Wild Mass Guessing: Marvel encouraged this when it came to the identity of Osborn's mysterious and scary friend. One popular Epileptic Tree was that it's the newly-acquired Marvelman/Miracleman.
With Great Power Comes Great Insanity: It's been awhile since we've seen Molecule Man, but considering that he made imaginary friend duplicates of some of the most powerful figures in the Marvelverse, created his own pocket dimension to live in, and is vanishing anyone who gets too close to it, the years clearly have not been kind to his brain. Also, Sentry. In spades. Even once the Void's no longer in his head (and is off wrecking hell on the X-Men), he's still a walking ball of about a billion neuroses.
Fittingly enough, this is also what happens to Osborn, as while he's always been batshit crazy, the pressures of his new job as the top dog cause him to slowly break, after years of more or less managing to keep his Goblin side under control.
The Worf Effect: Sentry suffers from it sooo much. Being all powerful doesn't really help much when you're too neurotic to use it effectively in a fight.
It happens so often that it's really scary when he becomes serious in Siege.
The entire Zodiac supervillain team is murdered mostly off panel (we see their bodies afterward) by the new Zodiac, who thought the name was cool and didn't want to deal with copyright issues. He also carried their heads around in a bag for awhile.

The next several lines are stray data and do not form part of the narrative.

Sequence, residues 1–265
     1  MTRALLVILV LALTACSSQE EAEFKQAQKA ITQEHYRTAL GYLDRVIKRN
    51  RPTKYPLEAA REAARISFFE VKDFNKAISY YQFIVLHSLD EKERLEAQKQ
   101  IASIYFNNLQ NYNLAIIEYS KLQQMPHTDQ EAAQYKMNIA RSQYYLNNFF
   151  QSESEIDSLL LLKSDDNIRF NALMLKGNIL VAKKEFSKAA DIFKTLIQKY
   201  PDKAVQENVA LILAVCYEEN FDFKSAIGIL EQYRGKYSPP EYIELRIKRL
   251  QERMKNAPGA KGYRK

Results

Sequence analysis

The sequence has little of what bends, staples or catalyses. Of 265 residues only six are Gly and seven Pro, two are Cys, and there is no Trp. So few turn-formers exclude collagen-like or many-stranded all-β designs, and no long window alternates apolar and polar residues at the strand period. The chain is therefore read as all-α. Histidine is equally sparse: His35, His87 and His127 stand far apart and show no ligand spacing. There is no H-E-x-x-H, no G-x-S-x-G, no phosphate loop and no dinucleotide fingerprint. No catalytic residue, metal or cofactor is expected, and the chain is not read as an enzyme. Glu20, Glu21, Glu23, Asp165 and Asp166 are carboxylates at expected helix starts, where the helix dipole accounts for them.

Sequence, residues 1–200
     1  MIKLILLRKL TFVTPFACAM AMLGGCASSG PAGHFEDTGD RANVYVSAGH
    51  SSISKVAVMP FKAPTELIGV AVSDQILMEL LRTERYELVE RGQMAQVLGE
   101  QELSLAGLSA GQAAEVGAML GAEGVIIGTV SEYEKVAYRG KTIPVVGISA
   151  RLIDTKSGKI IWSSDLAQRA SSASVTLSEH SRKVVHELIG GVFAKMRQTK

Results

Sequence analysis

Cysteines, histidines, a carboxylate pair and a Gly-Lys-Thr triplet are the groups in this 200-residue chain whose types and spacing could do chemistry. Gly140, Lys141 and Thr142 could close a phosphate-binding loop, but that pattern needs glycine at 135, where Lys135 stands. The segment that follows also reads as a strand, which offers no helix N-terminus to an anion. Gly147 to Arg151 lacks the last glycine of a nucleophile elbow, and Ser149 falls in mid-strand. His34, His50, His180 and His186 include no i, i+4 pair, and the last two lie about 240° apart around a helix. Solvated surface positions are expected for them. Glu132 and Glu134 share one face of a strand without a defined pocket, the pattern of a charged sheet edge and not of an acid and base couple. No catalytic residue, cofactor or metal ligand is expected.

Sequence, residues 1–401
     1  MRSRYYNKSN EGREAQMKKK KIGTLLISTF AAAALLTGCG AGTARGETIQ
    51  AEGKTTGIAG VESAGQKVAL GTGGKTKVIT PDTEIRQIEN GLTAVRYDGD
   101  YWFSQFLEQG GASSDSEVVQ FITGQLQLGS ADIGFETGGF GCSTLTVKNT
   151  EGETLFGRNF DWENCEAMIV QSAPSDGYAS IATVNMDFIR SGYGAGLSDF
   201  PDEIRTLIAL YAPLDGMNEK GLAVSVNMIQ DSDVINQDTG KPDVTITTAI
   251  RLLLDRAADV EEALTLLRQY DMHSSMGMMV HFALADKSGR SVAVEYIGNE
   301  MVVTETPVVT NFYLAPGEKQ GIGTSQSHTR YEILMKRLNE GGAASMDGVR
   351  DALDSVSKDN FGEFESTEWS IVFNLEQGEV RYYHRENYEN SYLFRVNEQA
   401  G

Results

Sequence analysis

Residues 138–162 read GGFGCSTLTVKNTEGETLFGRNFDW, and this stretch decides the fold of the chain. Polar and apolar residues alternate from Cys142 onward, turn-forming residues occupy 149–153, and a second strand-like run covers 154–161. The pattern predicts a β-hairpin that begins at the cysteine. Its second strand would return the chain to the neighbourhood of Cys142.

Ares is even more of a Worf than the Sentry. When the writes want to take out the Dark Avengers' big guns to show how dire their situation is, the Sentry usually just has a Heroic BSOD and runs off, while Ares gets beaten down, blown up, turned to stone, torn in half, etc.
Xanatos Speed Chess: Loki managed to play one of greatest Evil Plans in his career by manipulating Thor into killing Bor, thus getting him exiled, and convincing Balder to have the Asgardians move to Latveria. But just in case something could go wrong and restore status quo, he's got several other plans prepared, and apparently has backup plans for his backup plans.
Your Mind Makes It Real: Sort of. Erebus has always existed in the Marvelverse, but now that Hades/Pluto is no longer interested in maintaining the souls of the dead, it altered itself to become an arena of games of chance. Which, in modern minds, equals casino. It's also been relocated to Atlantic City.